Civian: We need to talk about the referees

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Photo credit Kim Klement/USA Today Sports

October marks the beginning of a cycle most hockey diehards know a little too well:

“This’ll be the year I convince my loved ones that this sport is worth their time.” 

Your loved ones might humor you for a while, but you tend to lose them somewhere between Game 56 of the regular season and Kid Rock headlining the 2018 All-Star Game. When the Kid Rock moment happens -- and it always does -- you can’t really blame them for giving up.

So you wave your own white flag and get over it. They’ll be back.

It usually starts with a few texts from some acquaintance asking you for gambling advice. Then your ears perk up when one of your coworkers says something slightly more profound than “Tuukka Rask is bad.” Before you know it, even your baseball purist grandfather is coming out of the woodwork to enjoy at least one period of a hockey game with you. 

It’s the one sacred time of the year you can point to Jake DeBrusk grabbing the “B” on his chest, or Brad Marchand licking folks, or an expansion team based in Las Vegas sweeping Round 1 and scream:


The Stanley Cup playoffs are untouchable, or least they were. That’s why most of us can’t stand what’s happening.

Blaming the referees is among the most insufferable things a sports-watcher can do. It’s lazy, pointless, and usually baseless. 

Three things I need to make absolutely clear: 

1. The better team won Lightning-Bruins Game 2. 

2. Not even one fiber of my being thinks any official is pulling for any team. 

3. This game featured flagrantly terrible officiating. Worse still, it was a reflection of this playoff season as a whole. 

Again, I cannot stand talking about this. I want to talk about Vegas’ Cinderella run for eleventy hours. I want to wax poetic about Nashville’s double overtime winner over Winnipeg until I’m politely escorted out of a bar. But for the life of me, I cannot get this image out of my head:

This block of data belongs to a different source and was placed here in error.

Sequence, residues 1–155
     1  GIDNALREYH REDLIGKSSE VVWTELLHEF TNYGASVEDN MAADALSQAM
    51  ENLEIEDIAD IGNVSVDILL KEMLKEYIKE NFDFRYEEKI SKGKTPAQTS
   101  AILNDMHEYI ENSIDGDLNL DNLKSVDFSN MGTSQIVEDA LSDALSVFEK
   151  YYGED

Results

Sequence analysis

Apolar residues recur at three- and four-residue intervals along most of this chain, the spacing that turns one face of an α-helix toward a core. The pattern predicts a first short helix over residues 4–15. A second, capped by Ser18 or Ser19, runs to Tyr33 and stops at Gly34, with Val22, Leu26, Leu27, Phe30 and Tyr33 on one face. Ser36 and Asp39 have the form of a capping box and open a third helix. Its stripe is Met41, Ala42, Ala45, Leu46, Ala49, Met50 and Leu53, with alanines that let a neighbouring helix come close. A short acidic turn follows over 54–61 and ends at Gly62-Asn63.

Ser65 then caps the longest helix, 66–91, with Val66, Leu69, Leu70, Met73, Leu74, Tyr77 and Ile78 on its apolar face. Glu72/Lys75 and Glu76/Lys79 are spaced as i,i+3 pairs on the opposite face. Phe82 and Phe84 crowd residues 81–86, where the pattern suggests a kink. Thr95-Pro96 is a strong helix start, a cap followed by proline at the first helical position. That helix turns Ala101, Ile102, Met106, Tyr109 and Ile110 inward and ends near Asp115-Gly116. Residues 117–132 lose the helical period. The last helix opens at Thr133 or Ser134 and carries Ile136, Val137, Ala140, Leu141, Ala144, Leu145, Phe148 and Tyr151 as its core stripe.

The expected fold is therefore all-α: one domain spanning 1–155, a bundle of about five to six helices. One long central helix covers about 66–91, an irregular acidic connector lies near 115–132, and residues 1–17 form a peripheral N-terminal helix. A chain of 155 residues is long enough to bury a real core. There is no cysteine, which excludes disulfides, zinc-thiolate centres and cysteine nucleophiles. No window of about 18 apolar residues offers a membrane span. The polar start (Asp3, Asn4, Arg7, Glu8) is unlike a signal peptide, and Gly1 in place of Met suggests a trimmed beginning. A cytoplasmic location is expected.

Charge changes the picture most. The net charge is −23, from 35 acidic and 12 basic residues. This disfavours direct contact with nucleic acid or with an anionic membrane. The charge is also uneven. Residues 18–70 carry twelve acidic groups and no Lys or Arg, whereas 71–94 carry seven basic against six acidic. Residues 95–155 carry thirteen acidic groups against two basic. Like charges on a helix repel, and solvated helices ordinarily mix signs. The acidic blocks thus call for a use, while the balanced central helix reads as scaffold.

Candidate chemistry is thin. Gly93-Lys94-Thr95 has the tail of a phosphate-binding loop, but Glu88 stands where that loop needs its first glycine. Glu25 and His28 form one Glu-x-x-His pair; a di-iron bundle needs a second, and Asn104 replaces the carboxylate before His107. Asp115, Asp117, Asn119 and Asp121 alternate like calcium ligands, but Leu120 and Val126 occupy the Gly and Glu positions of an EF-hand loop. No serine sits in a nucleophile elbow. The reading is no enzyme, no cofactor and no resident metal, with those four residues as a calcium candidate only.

David Pastrnak - not thrilled on that call.

— Conor Ryan (@ConorRyan_93) May 1, 2018  

I want to talk about David Pastrnak’s top hat and record-breaking playoff points, but those weren’t tonight’s turning points. Brayden Point’s wheels were, as were some ugly Bruins turnovers, and I want to talk about those too.

But so was the decision to hand Pastrnak a four-minute penalty when Victor Hedman hit himself with his own stick:

Pastrnak got a double minor for high sticking but Hedman hit himself with his own twig. Great work.

— Ian McLaren (@iancmclaren) May 1, 2018   The Bruins’ official Twitter account is one of the tamest in the NHL, and even it put quotations around “high-sticking.”

Ok, that was one bad call and Pastrnak did have a hand in it.

Can someone explain the return of the pre-season’s strict faceoff rules? This is slowing down the game, seems to serve no purpose, and is just painfully annoying. I’ll begrudgingly accept “rules are rules” for this, but then…

How is Torey Krug called for slashing in the first frame and Anton Stralman is free to do whatever it is that he's doing in the second frame?

First one was a pentalty. Second one wasn't.----------

— #2 WINGELS FAN (@bruinshockeynow) May 1, 2018  

“It’s unacceptable,” Bruins coach Bruce Cassidy said of the no-call.

Again, this is an equal opportunity disaster. Why wasn’t Kevan Miller given a boarding major after the textbook definition of sending Point into the boards? And why was Stralman given a matching penalty for saying the F word and giving Miller a light shove after?

Imagine being Pastrnak Monday night -- "high-sticking" aside, Miller gets at least two minutes for his boarding, then Dan Girardi is free to board the heck out of you? 

How does Girardi get away with this?

— Brandon Share-Cohen (@BShareCohen) May 1, 2018  

The goaltender interference drama is bad enough, but at least that’s so bad that an entire community unites just to hate on it. The rest -- the inconsistent slashing calls, the faceoff policing, the Tom Wilson head shots explained away -- it will turn people away from this sport.

It's already a shame when you start thinking of this stuff as much as you're thinking about the game itself. But what do you even call it when these inconsistencies start feeling like they have tangible impacts on playoff games?

Are you going to “let the boys play” or not? At this point I don’t even care what the answer is, just figure it out before the only sacred time of year is ruined.